Appellant's counsel objected to the admission of the confession upon the ground that it was not voluntarily made. The objection placed in issue the circumstances surrounding its taking. Rule of Pleading, Practice and Procedure 101.20W, RCW Vol. 0, provided in part:

"(1) Where the circumstances surrounding the taking of a confession are placed in issue ... at the time of trial ..., the trial judge shall be the trier of the question of admissibility."

The trial court excused the jury and, pursuant to the rule, proceeded to determine the issue. The appellant was sworn as a witness and testified as follows:

"BY THE COURT: Q. Mr. Holman, is this your signature on here? Did you sign that? A. Yes. Q. And at the time this statement was made were you offered anything? A. I can't remember if he did. Q. Did anyone threaten to beat you up or to do you physical harm? A. I heard that they would beat you up Q. What? A. A guy told me that they beat you up if you don't sign it. Q. I am asking you if Mr. McLaughlin or Mr. Hostak threatened to beat you up? A. No, they didn't. At the time I really didn't know because I was under the influence. I had taken some Q. I am not asking you that. I am asking you if you recall either of these two detectives threatening to molest you or beat you or abuse you? A. No, not as I recall. Q. And did they offer you anything to sign this? A. No, not as I recall. THE COURT: That's all. You may step down."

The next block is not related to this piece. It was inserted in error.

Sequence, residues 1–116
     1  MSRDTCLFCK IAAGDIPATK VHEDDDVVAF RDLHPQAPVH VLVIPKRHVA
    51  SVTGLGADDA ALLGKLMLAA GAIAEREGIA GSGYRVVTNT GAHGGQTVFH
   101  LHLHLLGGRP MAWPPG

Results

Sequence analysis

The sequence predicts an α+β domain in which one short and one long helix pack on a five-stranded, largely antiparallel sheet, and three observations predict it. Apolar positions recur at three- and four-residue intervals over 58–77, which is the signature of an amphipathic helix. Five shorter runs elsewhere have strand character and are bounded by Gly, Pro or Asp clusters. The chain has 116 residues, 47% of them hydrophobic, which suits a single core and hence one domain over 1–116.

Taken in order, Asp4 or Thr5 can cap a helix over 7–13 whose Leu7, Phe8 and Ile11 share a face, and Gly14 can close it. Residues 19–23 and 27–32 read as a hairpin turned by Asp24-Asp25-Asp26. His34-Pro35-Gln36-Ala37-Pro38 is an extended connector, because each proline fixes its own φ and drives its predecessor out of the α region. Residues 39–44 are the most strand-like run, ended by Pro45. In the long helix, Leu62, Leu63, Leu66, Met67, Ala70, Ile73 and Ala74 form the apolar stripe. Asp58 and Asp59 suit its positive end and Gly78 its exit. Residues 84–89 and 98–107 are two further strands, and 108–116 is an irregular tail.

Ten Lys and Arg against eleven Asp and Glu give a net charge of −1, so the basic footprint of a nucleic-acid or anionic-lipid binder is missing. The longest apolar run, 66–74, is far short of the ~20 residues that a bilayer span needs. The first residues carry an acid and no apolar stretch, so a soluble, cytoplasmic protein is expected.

*757 Appellant's counsel did not further interrogate the accused or offer any proof to establish that the confession was other than voluntary.

The appellant's contention presents two phases:

"[1] The basic question on this appeal is whether his [the trial judge's] two-minute examination of appellant brought out sufficient facts to establish that the admissions or confession of appellant were freely and voluntarily made, or [2] did the trial court have a duty to proceed further to determine whether any constitutional rights of the appellant were about to be invaded?"

[1] Detective Hostak's testimony relative to his conduct at the time appellant confessed was uncontradicted and established that the confession was voluntary. Appellant's testimony was devoid of any claim of coercion or threats on the part of the officers, or of any claim that the presence of the other persons in any manner caused him involuntarily to confess the crime.

We find no merit in the first phase of appellant's contention.

The second phase of appellant's contention is that the trial court had "a duty to proceed further to determine whether any constitutional rights of the appellant were about to be invaded."

[2] The cited rule (101.20W) admits of no construction other than that the judge shall determine the admissibility of the confession, once the circumstances surrounding its taking have been placed in issue. The rule contains no mandate to the trial court to examine the circumstances further than to satisfy the court that the confession was voluntarily or involuntarily made.

We find no merit in the second phase of appellant's contention.